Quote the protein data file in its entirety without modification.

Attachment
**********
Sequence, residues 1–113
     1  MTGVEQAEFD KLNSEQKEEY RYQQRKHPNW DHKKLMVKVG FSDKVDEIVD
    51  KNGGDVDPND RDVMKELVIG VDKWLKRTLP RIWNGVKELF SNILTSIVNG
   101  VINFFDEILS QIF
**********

Sequence, residues 1–113
     1  MTGVEQAEFD KLNSEQKEEY RYQQRKHPNW DHKKLMVKVG FSDKVDEIVD
    51  KNGGDVDPND RDVMKELVIG VDKWLKRTLP RIWNGVKELF SNILTSIVNG
   101  VINFFDEILS QIF